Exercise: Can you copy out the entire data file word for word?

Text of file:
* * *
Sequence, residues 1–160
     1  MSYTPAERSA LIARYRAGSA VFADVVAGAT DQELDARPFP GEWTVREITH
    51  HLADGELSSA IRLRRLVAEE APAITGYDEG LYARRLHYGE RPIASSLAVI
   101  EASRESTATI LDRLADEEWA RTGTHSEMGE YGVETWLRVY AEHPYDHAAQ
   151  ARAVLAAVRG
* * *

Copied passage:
Sequence, residues 1–160
     1  MSYTPAERSA LIARYRAGSA VFADVVAGAT DQELDARPFP GEWTVREITH
    51  HLADGELSSA IRLRRLVAEE APAITGYDEG LYARRLHYGE RPIASSLAVI
   101  EASRESTATI LDRLADEEWA RTGTHSEMGE YGVETWLRVY AEHPYDHAAQ
   151  ARAVLAAVRG